China Threatens US With Retaliation After Fresh Tariffs: Here Is What It Could Do


Now that President Trump has boxed Jerome Powell into a corner by declaring his intention to slap tariffs on the other ~$300 billion in Chinese goods that haven’t already been impacted come the first of September, it’s worth considering: How will Beijing respond to all of this?

So far, Chinese media has been quiet on the subject, even as domestic markets tumble and the yuan slides. That’s possibly because China’s senior lawmakers have departed to the seaside resort of Beidaihe for their annual two-week policy conclave. Typically, officials from President Xi on down disappear from public view as they debate policy. But Beijing’s minister of foreign trade has already made clear that Beijing is less than pleased with President Trump’s latest announcement which, like the last one, took them completely by surprise (though it’s not all that surprising considering that the latest round of trade talks barely lasted half a day.

And although Beijing doesn’t have nearly as many options for retaliatory tariffs since the US imports far more goods from China than China imports from the US – and even less now that Beijing has ended purchases of agricultural products – Bloomberg has put together a list of possible options for retaliation that Beijing could invoke.

Beijing has already levied retaliatory tariffs on about $110 billion in imports from the US. Based on 2018 data, that leaves another $45 billion of products that could be hit with tariffs.

Here’s what Bloomberg‘s economists had to say:

“Assuming Trump’s tweet becomes policy, we’d expect a proportionate reaction from China. That would mean more tariffs on imports from the US. We don’t think China would shoot itself in the foot with harassment of US. firms or sales of US. Treasuries.”

But with China halting or dialing back purchases of American pork and soybeans, imports are down 30% in the first six months of this year compared to 2018. So the goods that could actually be hit is much lower.

As an opening salvo, Beijing could reinstate the tariffs on US cars that it lifted as part of a goodwill gesture, Bloomberg reports.

Mouthpieces for the Communist Party like Hu Xijin have also suggested that Beijing will likely walk away from the talks altogether should the US move ahead with its tariffs, as Beijing shifts its focus to how it should function during a prolonged trade war.

Just as they threatened to do a few months back, Beijing could look to its stranglehold on the supply of rare earth metals as one avenue for retaliation. Investors are already betting that Beijing could choose this option, sending shares of rare-earth miners higher in Friday’s trade.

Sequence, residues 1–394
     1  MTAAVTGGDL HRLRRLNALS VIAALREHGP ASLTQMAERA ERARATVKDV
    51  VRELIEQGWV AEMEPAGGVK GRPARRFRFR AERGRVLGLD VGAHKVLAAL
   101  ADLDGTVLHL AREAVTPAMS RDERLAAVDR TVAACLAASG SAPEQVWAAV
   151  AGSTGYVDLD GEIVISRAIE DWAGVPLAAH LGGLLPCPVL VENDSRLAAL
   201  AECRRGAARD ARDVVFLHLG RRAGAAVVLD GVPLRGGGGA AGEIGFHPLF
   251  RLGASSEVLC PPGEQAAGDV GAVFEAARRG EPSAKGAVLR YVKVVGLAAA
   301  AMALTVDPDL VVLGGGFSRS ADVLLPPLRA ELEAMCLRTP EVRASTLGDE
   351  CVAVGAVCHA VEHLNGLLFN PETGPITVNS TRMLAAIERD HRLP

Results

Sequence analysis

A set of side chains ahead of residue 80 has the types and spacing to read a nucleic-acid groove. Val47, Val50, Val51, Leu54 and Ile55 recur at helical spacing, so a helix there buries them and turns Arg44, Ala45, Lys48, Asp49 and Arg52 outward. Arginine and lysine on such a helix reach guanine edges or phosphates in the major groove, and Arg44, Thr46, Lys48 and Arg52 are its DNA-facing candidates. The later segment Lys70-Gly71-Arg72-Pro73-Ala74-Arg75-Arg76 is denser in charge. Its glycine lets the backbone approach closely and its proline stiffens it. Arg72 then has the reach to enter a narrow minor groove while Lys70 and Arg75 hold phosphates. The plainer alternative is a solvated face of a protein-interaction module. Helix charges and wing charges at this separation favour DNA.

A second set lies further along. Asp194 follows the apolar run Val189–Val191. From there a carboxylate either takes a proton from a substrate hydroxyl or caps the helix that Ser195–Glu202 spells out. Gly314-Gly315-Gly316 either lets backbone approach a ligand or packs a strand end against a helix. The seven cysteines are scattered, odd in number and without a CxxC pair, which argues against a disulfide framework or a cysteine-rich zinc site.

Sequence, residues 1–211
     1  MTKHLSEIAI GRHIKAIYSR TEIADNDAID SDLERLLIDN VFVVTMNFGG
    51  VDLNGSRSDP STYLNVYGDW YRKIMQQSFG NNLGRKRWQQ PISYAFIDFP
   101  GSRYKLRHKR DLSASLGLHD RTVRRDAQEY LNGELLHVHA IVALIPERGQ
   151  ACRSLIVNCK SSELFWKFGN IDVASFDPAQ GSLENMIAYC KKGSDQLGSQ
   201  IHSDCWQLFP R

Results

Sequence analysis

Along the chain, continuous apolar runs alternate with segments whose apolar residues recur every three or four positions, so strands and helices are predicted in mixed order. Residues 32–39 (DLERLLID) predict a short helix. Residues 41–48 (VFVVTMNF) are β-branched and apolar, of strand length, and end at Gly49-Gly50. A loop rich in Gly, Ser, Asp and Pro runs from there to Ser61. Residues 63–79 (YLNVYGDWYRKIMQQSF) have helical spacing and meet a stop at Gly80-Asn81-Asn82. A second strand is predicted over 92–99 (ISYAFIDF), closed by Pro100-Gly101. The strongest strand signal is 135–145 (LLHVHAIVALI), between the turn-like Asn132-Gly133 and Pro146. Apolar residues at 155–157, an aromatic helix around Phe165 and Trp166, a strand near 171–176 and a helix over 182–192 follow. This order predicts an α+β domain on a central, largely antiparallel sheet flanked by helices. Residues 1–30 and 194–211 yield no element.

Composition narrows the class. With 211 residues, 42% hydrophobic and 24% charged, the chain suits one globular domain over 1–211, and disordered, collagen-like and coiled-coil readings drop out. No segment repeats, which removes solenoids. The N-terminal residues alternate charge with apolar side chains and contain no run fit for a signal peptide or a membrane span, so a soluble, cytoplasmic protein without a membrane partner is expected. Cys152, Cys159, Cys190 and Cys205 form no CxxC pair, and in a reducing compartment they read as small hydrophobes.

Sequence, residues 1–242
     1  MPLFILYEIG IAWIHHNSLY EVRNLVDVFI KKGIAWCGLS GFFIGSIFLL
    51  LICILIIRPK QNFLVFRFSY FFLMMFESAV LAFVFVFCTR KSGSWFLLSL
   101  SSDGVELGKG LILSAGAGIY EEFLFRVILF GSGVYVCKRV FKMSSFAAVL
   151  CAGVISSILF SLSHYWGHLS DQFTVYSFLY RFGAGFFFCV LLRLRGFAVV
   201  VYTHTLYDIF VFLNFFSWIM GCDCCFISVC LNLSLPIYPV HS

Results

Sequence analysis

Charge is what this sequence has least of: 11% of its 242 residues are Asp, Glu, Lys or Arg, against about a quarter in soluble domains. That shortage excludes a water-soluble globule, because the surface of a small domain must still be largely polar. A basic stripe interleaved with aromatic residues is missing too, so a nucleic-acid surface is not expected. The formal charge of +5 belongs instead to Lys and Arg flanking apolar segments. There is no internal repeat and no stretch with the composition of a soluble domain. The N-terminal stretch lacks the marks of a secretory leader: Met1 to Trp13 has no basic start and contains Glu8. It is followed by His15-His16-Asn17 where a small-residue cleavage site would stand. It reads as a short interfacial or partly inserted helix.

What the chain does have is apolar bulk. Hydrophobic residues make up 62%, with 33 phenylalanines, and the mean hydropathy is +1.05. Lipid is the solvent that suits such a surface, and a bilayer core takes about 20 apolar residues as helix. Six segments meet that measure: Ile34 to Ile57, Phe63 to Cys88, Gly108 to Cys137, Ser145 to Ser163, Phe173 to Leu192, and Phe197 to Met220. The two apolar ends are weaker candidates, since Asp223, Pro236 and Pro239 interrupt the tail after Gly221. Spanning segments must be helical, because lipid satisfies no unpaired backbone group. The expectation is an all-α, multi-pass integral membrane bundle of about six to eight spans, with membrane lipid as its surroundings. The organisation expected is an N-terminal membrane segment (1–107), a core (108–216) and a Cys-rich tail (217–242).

Beijing might even walk back its promise to buy US oilseeds as a goodwill gesture, something it promised to do before the latest round of talks began. With the harvest just around the corner, now is a critical time for farmers, as buyers typically start booking orders for the new American harvest.

Beijing needs low-sulfer US crude – which is one reason why it hasn’t been hit with tariffs yet. But it could increase the already 25% tariff on LNG. Since there’s a market glut, Beijing doesn’t need it.

Another option is to follow through with threats to include FedEx and any other US companies that have offended Beijing to its promised “unreliable entities” list. Few details have been released, but many expect the unreliable entities list to be similar to the Commerce Department’s entities list, the “blacklist” that Huawei was placed on.

Boeing’s shares tanked following Trump’s tariff announcement, and with good reason: the aerospace giant is in the middle of negotiations with Chinese airlines to complete a massive order.

Economists, though, are sharing their views, and most are pretty downbeat.

And there’s always Huawei. If Trump goes back on the promises he made to President Xi in Osaka, it could open up a whole can of worms as Beijing might walk away from all future talks.

At any rate, it’s becoming increasingly clear to economists that Beijing is seeking to slow down the pace of trade talks and retaliation as it hopes to wait out Trump’s term, in the hopes that a Democratic successor might be easier to deal with.

“China’s strategy in this trade war escalation will be to slow down the pace of negotiation and tit-for-tat retaliation,” according to a note from Iris Pang, an economist at ING bank NV in Hong Kong. “This could lengthen the process of retaliation until the upcoming U.S. presidential election. It won’t have escaped the authorities in China’s attention that a full-blown trade war is unlikely to help President Trump’s chances in the election.”

Meanwhile. President Trump is set to make an “announcement” on EU trade on Friday. Which means he might be about to open another front in the trade war, at a time when global trade tensions are already peaking.

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